Russian Grand Prix – Preview

By Balazs Szabo on

Following an action-packed triple-header to kick off the second half of the season, the F1 community heads to the shores of the Black Sea and Sochi Autodrom for round 15 of the 2021 FIA Formula One World Championship.

This weekend’s Sochi race will be the eighth Russian Grand Prix. After the plans for a race in Russia were officially announced in 2010, the inaugural Formula One Russian Grand Prix was held in 2014. There were also intentions earlier to host a Formula One event in Moscow for the 1983 season as the Grand Prix of the Soviet Union, but these plans fell through.

Ahead of the World War I, there were two races that were held under the name of the Russian Grand Prix. Those races took place in 1913 and 1914 at a circuit in Saint Petersburg. The first race was won by Russian driver Georgy Suvorin, whilst German Willy Scholl won the 1914 event. The event was abandoned following the outbreak of the First World War and the Russian Civil War, and it was not resumed with the establishment of the Soviet Union.

The circuit is located in the resort city of Sochi, the host city of the 2014 Winter Olympics and passes around the venues of Sochi’s Olympic Park. Lewis Hamilton won the inaugural Russian Grand Prix in 2014 and has repeated that feat three times since then. The two other race winners were Nico Rosberg and Valtteri Bottas who won in 2016 and 2017 respectively, both driving for Mercedes-Benz.

In terms of tyres, Pirelli will bring the three softest compounds in the range which happens for the first time since Austria. The C3 compound will serve as the P Zero White hard, C4 as the P Zero Yellow medium, and C5 as the P Zero Red soft. This is the same nomination that was made in Russia last season, when the event was held at a similar time of year.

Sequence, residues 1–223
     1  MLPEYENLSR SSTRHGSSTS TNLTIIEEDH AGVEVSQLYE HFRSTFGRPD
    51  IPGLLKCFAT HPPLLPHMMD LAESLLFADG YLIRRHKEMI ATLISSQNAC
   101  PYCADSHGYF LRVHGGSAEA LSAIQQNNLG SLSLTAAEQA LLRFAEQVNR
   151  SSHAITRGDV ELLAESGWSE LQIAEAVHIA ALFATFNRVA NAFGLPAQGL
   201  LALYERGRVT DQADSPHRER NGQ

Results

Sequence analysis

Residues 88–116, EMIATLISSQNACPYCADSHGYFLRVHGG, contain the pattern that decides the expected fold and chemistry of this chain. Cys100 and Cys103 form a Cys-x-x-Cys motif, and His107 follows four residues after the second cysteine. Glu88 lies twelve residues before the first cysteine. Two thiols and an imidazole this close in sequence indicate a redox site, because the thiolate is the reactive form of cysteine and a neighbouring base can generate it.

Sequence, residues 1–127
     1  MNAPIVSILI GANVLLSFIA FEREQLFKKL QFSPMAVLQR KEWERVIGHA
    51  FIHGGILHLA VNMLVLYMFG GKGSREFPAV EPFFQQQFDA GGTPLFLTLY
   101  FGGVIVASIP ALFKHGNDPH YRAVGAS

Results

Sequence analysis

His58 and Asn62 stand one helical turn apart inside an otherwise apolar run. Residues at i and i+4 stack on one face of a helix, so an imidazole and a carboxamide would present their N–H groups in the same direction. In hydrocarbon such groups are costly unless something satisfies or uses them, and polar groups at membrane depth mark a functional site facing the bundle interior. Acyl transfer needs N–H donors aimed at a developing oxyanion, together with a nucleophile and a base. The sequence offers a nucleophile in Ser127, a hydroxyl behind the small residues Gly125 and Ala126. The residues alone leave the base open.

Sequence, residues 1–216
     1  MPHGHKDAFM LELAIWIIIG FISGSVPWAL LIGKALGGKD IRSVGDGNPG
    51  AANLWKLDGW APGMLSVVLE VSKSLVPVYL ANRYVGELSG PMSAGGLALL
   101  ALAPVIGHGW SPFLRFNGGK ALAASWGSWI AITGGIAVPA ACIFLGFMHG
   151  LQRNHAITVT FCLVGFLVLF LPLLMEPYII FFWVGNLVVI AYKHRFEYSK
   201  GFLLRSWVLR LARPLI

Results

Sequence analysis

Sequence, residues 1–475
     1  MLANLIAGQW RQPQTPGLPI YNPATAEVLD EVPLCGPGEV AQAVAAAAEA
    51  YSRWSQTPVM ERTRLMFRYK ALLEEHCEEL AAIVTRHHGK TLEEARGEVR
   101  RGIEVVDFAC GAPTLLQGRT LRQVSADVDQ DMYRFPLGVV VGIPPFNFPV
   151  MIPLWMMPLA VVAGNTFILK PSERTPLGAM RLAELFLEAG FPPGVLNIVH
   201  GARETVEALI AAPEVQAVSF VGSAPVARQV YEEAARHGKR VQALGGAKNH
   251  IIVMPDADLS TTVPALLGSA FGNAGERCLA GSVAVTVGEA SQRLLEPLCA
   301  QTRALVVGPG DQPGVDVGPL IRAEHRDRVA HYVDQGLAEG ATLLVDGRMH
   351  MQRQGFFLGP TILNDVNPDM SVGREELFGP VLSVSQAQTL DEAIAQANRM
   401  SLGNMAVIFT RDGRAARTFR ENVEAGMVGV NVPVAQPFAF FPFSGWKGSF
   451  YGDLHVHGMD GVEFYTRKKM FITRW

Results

Sochi is a low severity track and the track surface has been steadily maturing since the asphalt was originally laid nearly a decade ago. As a result, the softest rubber in the P Zero range is the perfect choice for the Russian track.

The 5.848km street circuit winds its way around the Olympic Park, site of the 2014 Winter Olympics, passing venues such as the Bolshoy Ice Dome and the Adler Arena Skating Centre. The circuit is the fifth longest on the calendar and combines a number of tight, twisty sections with long straights and a fast, sweeping turn four, perhaps the most notable corner on the track.

The Sochi Autodrom features a very long start-finish straight. In fact, it incorporates Turn 1 which is a curved section, but it is easily taken flat. Turn 2 is the first braking point at the circuit, putting huge stress on tyres and brakes. Drivers need to concentrate on a perfect acceleration out of this 90-degree corner to maintain a good speed onto Turn 3. This is the most demanding corner on the entire circuit: a 750-metre constant radius left-hander, working the front-right tyre hardest.

Turn 4 represents another 90-degree corner and leads onto another full-throttle section. Turn 5 kicks off Sector 2 that is largely composed of slow to medium speed 90-degree corners. In the following Turns 6, 7, 8 and 9, it is vital to have high front-end grip to maintain good mid-corner speeds.

Turn 10 is another slow 90-degree corner where drivers are usually keen to use every inch of the artificial grass at the exit to achieve high top-end speed on the second-longest full-throttle section of the track. Turn 13 represents an interesting section: drivers need to brake hard while turning slightly to the left-hand side. Kicking off Sector 3, this corner is another slow-speed bend where drivers usually use the relatively high kerbs aggressively in order to shorten the circuit.

The following Turns 15, 16, 17 and 18 are all 90-degree corners where the mechanical grip of the car plays a vital role. It is also important for the drivers not to overstress and overheat the tyres in the first two sectors of the track to maintain their best shape for the closing part of the track.